"2. That defendant's time to answer or move herein is hereby extended to and until January 20, 1967."

 The former lawyers for the defendant, either misunderstanding the rules or being advised not to answer, failed to answer by the agreed date (January 20, 1967). The parties, however, were not inactive. On December 5th, the same date the stipulation was so ordered, plaintiff served a notice to take defendant's deposition in New York. In turn the defendant moved under Rule 30(b), for a protective order quashing the notice and also asking for a stay of proceedings pending its making of a motion to dismiss under Rule 12(b), because it alleged the service of process in Switzerland was in violation of the Swiss Penal Code. Plaintiff cross moved for discovery and inspection pursuant to Rule 34.

 Judge McLean in a memorandum-opinion dated March 9, 1967, vacated the notice in part and fixed the place of examination of defendant at Geneva and provided for payment of counsel fees and expenses. He also denied without prejudice, plaintiff's motion under Rule 34 for discovery and inspection. Judge McLean's order on both motions was signed on March 31, 1967. The defendant argues that by virtue of Rule 12(a), it had ten days from this date to make a 12(b) motion. The defendant's 12(b) motion was served on April 4, 1967.

 Not to let things quiet down too rapidly, the plaintiff then renewed, on March 31st, its motion under Rule 34 for discovery and inspection. This motion was argued on April 6th before Judge Herlands who referred it to the pretrial examiner for report. On April 14, 1967, Judge Herlands ordered the defendant to produce at Geneva, certain of its records for inspection.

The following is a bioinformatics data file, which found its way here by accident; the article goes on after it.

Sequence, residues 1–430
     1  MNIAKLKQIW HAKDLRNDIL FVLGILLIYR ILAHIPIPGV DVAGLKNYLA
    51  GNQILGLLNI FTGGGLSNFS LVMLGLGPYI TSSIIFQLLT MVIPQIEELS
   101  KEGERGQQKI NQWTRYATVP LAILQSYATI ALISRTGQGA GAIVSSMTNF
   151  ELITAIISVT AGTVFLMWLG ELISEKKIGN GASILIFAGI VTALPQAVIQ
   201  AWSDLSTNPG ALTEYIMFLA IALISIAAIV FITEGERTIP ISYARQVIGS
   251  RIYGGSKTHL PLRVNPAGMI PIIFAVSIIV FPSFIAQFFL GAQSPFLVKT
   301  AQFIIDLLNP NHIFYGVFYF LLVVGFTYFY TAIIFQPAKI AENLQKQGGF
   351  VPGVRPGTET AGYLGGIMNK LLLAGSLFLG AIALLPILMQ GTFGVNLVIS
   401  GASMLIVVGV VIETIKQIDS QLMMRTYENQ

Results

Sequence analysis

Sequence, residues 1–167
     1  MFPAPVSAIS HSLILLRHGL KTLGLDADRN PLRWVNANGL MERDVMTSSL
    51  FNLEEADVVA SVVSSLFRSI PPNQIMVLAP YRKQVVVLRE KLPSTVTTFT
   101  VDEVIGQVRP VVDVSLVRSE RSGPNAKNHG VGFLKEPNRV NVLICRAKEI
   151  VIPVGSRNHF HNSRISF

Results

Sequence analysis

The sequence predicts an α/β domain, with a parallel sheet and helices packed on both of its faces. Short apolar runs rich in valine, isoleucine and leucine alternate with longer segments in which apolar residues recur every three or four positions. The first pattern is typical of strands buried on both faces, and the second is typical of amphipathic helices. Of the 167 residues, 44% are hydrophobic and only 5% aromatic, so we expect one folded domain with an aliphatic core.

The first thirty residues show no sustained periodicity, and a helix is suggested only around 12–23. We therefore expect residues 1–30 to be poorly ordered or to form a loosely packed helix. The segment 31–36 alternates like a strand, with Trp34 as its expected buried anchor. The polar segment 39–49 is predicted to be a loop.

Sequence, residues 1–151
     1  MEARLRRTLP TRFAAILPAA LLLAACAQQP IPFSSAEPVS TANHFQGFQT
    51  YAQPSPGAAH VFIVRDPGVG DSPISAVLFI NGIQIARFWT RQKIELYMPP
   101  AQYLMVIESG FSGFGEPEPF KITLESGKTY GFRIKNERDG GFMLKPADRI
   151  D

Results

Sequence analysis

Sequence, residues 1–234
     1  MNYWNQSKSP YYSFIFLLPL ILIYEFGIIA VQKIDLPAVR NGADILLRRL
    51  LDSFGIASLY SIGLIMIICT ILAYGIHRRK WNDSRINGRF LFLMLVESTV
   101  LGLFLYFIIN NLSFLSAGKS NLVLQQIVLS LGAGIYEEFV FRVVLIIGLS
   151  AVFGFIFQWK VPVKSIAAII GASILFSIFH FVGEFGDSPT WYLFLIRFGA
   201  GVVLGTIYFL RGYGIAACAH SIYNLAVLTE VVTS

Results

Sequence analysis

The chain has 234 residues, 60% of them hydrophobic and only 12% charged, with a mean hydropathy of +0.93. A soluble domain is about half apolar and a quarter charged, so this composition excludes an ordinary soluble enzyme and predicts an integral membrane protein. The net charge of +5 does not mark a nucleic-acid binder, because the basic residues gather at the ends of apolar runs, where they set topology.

On these undisputed facts it seems clear that defendant is in default. Under no theory can a Rule 30(b) motion extend a defendant's time to answer. Rule 12(a) extends the time to serve a responsive pleading only when a motion is made that is permitted under Rule 12. Rule 30(b) obviously is not Rule 12. Defendant's former counsel almost concedes this, in that he characterizes the default, if there is one, as being merely technical. Even if we were inclined under Rule 60(b) to relieve the defendant from such default because of mistake, inadvertence or excusable neglect, the defendant has failed to submit a sufficient affidavit of merits. At most, the affidavit of the former attorney for the defendant contains two or three conclusory statements alleging as defenses the breach of three covenants (which are not otherwise explained) and the recision of the contract based upon a cable by the plaintiff. This cable referred to a letter, which the defendant's counsel has in his possession, and such letter clearly shows that plaintiff was rescinding because defendant had not paid it the amount for which it is now suing.

 Although under the facts of the case, the defendant is clearly in default, the question still remains whether this default can be attacked at this time on jurisdictional grounds. We think this issue can be disposed of quite readily. Rule 60(b)(4) authorizes the court to relieve a party from a final judgment if the judgment is void. If in personam jurisdiction over the defendant was lacking, this court has no jurisdiction to enter a judgment against it. Munter v. Weil Corset Co., 261 U.S. 276, 43 S. Ct. 347, 67 L. Ed. 652 (1923); ...